A Democratic member of the House of Representatives has issued a statement declaring that President Donald Trump's response to the deadly protests in Charlottesville, Virginia, is grounds for impeachment.
Rep. Steve Cohen of Tennessee stated on Aug. 17 that he is introducing articles of impeachment against the president.
"I have expressed great concern about President Trump's ability to lead our country in the Resolution of No Confidence … that I introduced in July with 29 of my colleagues; however, after the President's comments on [Aug. 12] and again on [Aug. 15] in response to the horrific events in Charlottesville, I believe that the President should be impeached and removed from office," Cohen wrote on his personal website.
"Instead of unequivocally condemning hateful actions by neo-Nazis, white nationalists and Klansmen following a national tragedy, the President said 'there were very fine people on both sides.' There are no good Nazis. There are no good Klansmen."
In his initial Aug. 12 remarks on Charlottesville, Trump denounced "hatred, bigotry and violence on many sides." After receiving significant backlash from both Republicans and Democrats, Trump made another statement on Aug. 14 in which he explicitly spoke against racism, calling it "evil."
Then, on Aug. 15, Trump held a brief news conference during which he returned to his Aug. 12 response by saying that "there is blame on both sides," according to Politico.
"What about the alt-left that came charging at the, as you say, the alt-right? Do they have any semblance of guilt?" he said. "You had a group on the other side that came charging in without a permit, and they were very, very violent. You can say what you want, but that's the way it is."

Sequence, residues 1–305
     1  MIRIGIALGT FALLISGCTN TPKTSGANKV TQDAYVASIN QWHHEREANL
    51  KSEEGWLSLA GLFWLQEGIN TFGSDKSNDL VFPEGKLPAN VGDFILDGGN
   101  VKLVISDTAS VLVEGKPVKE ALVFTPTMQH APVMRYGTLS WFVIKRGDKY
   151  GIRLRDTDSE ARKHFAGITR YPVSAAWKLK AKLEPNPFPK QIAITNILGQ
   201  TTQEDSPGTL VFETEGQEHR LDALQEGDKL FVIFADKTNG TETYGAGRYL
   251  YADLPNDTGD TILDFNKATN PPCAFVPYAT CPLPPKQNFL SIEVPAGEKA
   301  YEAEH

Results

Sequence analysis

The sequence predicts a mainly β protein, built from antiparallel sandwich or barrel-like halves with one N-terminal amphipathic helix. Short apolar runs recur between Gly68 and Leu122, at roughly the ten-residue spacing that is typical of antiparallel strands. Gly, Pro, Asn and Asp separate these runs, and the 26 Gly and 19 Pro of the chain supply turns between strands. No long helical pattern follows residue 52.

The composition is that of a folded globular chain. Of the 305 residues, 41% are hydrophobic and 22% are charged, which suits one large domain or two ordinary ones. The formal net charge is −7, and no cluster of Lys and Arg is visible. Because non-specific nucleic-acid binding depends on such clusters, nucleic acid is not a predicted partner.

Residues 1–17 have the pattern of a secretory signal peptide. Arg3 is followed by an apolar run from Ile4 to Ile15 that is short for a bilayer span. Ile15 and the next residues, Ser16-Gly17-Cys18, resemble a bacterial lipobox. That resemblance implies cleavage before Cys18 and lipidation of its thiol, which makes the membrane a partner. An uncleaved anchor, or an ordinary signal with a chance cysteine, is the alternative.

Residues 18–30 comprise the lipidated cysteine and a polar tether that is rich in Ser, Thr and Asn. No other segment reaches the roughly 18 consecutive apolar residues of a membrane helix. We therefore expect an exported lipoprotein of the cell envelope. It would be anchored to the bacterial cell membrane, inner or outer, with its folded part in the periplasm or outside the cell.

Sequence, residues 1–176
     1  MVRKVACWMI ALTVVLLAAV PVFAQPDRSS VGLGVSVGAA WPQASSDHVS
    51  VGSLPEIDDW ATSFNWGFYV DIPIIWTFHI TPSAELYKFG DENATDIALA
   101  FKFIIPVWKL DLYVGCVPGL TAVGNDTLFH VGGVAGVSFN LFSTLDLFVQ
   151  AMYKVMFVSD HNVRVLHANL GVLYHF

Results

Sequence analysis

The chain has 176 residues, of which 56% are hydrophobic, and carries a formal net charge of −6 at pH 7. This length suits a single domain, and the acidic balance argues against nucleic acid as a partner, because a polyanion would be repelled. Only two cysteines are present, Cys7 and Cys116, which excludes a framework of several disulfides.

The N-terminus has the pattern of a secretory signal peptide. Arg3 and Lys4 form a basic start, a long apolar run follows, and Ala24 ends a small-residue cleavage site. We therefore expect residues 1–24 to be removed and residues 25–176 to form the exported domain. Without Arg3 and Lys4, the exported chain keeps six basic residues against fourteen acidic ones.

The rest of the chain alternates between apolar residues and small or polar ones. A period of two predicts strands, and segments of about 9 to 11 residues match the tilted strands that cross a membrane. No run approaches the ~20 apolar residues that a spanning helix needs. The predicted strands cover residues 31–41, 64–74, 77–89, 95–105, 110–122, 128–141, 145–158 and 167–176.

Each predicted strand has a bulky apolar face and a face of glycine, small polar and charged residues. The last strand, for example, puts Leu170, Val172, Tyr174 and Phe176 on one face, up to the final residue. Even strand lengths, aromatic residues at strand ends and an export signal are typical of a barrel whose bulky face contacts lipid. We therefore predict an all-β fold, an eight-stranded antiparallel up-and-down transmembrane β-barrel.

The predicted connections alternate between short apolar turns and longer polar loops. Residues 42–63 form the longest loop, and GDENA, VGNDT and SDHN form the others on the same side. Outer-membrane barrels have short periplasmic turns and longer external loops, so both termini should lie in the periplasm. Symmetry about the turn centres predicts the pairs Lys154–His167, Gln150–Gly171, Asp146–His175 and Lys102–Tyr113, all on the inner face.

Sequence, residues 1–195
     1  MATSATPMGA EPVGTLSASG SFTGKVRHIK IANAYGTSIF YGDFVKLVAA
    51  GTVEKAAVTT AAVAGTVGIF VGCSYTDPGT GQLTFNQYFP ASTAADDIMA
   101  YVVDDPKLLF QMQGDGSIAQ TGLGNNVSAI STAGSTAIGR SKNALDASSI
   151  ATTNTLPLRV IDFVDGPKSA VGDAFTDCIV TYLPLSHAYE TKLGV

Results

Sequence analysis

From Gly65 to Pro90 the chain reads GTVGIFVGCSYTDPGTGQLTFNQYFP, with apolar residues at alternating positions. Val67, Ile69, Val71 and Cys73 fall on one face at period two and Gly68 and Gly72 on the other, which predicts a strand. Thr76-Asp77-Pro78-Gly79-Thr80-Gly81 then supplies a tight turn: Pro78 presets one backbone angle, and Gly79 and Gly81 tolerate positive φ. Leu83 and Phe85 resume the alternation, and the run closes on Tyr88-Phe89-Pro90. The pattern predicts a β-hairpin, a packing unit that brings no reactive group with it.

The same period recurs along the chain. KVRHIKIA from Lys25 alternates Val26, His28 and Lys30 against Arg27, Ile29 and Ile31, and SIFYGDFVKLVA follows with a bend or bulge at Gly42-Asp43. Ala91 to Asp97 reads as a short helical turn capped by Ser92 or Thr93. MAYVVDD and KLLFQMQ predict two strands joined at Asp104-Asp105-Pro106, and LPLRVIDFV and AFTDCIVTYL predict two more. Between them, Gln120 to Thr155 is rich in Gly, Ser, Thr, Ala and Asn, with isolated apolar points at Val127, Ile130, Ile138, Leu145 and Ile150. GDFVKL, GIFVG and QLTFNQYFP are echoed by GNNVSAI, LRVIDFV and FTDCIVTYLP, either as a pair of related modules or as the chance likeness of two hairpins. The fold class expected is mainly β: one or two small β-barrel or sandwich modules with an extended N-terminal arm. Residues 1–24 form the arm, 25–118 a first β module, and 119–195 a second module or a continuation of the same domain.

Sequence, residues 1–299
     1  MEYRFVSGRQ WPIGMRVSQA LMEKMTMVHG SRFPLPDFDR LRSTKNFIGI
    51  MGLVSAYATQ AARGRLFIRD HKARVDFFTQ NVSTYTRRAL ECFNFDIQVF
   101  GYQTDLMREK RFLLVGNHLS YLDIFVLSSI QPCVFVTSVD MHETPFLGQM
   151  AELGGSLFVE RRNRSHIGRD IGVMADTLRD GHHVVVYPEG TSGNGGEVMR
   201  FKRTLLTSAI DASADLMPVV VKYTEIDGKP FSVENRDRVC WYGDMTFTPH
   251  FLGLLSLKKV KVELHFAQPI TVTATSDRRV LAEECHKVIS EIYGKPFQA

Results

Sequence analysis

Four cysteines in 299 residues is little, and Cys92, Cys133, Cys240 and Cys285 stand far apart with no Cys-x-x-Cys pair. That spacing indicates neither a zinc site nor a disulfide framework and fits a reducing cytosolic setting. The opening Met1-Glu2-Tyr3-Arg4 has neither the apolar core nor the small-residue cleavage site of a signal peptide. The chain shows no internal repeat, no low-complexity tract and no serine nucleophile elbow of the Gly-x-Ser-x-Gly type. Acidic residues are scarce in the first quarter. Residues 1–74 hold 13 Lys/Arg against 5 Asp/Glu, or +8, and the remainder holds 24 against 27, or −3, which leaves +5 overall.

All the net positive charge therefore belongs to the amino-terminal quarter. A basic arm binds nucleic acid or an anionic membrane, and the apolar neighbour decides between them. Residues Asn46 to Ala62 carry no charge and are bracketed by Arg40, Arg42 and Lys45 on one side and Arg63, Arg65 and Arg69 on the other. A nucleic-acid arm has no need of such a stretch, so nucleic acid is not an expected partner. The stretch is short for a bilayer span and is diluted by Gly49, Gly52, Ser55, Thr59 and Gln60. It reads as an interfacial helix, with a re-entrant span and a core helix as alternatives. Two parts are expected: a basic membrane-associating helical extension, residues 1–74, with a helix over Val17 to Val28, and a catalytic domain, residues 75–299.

In his statement calling for Trump's impeachment, Cohen drew a parallel between the rally in Charlottesville and Nazi Germany.
"When I watched the videos from the protests in Charlottesville, it reminded me of the videos I've seen of Kristallnacht in 1938 in Nazi Germany," Cohen wrote. "It appeared that the Charlottesville protesters were chanting 'Jews will not replace us' and 'blood and soil,' an infamous Nazi slogan, as they marched with torches that conjured up images of Klan rallies."
Cohen concluded by asserting that Trump had "failed the test of moral leadership."
"No moral president would ever shy away from outright condemning hate, intolerance and bigotry. No moral president would ever question the values of Americans protesting in opposition of such actions, one of whom was murdered by one of the white nationalists … Neo-Nazis and the KKK are domestic terrorists. If the President can’t recognize the difference between these domestic terrorists and the people who oppose their anti-American attitudes, then he cannot defend us."
Cohen is not the first Democratic lawmaker to call for Trump's impeachment. In June, Rep. Brad Sherman, a Democrat from California, introduced the first article of impeachment against the president, arguing that Trump had obstructed justice by firing former FBI Director James Comey.
"I believe that Trump's use of threats to obstruct the ongoing criminal investigations of Michael Flynn clearly violate [Title 18 of the United States Code]; Violations of that section are a felony," Sherman wrote, according to HuffPost. "Trump's efforts to obstruct the investigation of his campaign's possible collusion with Russia violated the same statute."
A number of other Democrats, including Sen. Elizabeth Warren of Massachusetts, Rep. Maxine Waters of California and Rep. Keith Ellison of Minnesota, have also expressed support for impeachment proceedings against Trump.